We measure a lot of things in ministry — oh, how we love to count things! But it is very, very difficult to measure “opportunity cost”: the impact of missed opportunities.
When we overlook people, we miss possibilities. When we fail to take a chance on individuals because they don’t fit our expectations, fulfill our view of who can be successful, or meet the standard template for someone who is useful in ministry, we may be shortening the story prematurely.
If you’re striving to produce “decorator magazine” ministry, picture perfect in every way, this advice is probably not going to be very useful to you. But if you want to see the glory of God shine in unexpected ways, it can be a path to unanticipated expressions of grace. The only essential element in any potential candidate for ministry involvement is a heart to serve. When we surround the servant-hearted with nurturing love and adorn them with the skills we can teach and the guidance of good leadership, they can shine. This is the difference between slapping up a banner that says “All Are Valued” and living it out in a way that builds a culture of value.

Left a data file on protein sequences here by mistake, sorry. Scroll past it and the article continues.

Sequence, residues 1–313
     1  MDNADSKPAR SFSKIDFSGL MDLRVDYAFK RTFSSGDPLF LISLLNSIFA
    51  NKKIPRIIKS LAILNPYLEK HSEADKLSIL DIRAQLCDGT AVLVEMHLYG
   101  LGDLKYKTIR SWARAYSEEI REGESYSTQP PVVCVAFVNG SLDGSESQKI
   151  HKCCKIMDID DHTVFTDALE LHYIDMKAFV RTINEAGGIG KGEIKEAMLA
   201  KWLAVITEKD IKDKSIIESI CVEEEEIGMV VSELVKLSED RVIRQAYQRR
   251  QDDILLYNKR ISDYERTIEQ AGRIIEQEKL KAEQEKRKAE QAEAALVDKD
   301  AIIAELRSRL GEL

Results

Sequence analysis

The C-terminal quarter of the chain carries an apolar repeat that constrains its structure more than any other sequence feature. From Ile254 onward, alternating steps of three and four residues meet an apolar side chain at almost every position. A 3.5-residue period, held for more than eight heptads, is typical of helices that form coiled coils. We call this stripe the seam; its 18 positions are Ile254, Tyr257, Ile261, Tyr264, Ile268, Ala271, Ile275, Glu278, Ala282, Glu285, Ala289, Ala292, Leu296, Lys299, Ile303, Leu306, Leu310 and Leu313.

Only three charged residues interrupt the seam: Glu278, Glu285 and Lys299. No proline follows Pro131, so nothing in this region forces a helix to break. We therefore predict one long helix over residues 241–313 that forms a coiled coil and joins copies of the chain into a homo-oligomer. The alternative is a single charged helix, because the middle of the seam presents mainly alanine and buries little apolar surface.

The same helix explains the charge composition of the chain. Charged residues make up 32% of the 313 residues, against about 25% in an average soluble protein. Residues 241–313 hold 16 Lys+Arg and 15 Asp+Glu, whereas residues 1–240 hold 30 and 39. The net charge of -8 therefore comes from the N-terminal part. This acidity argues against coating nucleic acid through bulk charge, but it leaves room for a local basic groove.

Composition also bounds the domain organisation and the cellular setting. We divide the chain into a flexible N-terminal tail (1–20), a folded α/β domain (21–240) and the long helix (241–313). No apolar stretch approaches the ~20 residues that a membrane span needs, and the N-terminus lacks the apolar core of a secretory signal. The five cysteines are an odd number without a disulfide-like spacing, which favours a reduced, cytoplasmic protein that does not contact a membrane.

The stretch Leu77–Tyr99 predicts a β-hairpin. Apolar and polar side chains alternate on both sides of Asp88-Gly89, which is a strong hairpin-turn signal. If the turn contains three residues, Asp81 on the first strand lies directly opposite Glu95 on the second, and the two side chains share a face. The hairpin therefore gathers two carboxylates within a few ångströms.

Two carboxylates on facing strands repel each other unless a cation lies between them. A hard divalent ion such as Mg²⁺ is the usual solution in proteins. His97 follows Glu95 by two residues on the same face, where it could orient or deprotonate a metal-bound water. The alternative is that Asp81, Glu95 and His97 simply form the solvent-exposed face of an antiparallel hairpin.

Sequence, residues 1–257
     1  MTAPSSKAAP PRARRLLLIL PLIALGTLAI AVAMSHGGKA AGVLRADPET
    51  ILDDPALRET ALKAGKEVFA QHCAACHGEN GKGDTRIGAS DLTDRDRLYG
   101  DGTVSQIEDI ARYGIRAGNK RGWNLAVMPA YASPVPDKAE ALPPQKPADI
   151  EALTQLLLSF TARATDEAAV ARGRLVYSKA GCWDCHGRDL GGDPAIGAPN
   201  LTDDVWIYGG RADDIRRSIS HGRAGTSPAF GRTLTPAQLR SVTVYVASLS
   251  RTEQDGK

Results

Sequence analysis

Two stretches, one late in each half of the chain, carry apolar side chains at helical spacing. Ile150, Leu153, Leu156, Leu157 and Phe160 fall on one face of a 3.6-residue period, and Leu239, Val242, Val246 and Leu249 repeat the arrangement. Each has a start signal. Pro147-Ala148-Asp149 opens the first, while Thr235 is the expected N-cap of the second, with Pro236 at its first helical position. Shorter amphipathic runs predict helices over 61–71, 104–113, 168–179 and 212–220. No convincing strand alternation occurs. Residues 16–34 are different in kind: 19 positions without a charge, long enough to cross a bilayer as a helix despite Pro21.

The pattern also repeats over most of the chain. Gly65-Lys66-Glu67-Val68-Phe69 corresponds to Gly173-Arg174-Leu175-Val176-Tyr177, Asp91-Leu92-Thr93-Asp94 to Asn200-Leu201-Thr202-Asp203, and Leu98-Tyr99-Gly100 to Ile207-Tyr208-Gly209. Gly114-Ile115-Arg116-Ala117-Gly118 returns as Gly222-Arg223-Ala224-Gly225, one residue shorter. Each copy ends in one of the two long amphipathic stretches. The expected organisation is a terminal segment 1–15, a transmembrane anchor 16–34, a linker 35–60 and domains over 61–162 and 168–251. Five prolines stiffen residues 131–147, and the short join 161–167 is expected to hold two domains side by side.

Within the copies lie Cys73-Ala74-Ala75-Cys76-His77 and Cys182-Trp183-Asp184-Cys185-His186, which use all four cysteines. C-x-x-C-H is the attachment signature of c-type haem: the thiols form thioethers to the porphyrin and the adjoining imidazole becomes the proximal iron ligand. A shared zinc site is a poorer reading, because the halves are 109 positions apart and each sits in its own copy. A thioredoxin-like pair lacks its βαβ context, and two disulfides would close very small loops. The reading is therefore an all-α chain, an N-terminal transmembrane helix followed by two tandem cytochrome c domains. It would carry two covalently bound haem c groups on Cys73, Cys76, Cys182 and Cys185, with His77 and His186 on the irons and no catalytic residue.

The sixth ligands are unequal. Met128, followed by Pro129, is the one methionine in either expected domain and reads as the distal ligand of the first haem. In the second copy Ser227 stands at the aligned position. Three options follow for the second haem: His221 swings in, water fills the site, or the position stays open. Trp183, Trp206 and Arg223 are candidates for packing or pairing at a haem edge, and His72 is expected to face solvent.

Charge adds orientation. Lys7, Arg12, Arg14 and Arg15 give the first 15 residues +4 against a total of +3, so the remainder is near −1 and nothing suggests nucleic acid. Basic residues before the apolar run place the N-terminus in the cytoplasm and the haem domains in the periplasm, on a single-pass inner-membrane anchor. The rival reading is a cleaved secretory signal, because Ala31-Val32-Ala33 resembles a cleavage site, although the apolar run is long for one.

And when we employ our Charlie Brown ministry radar and make it a point to gather up the awkward, the shy, and the misfits, some miraculous things can happen:
- New perspectives shine through.
- Unexpected talents are revealed.
- We learn humility and are reminded of our core values.
- People who are in our circles of worship and ministry who are struggling to find their way are reminded that they, too, are valued (because they see others like themselves being valued).
- When we’re not all “ministry insiders,” we take more time to think about why and how we’re dong what we’re doing (and we’re better at explaining those things to others).
- This is a harder model, so we are required lean more fully into God’s wisdom and grace to get the work done, growing more as disciples and leaders, ourselves, in the process.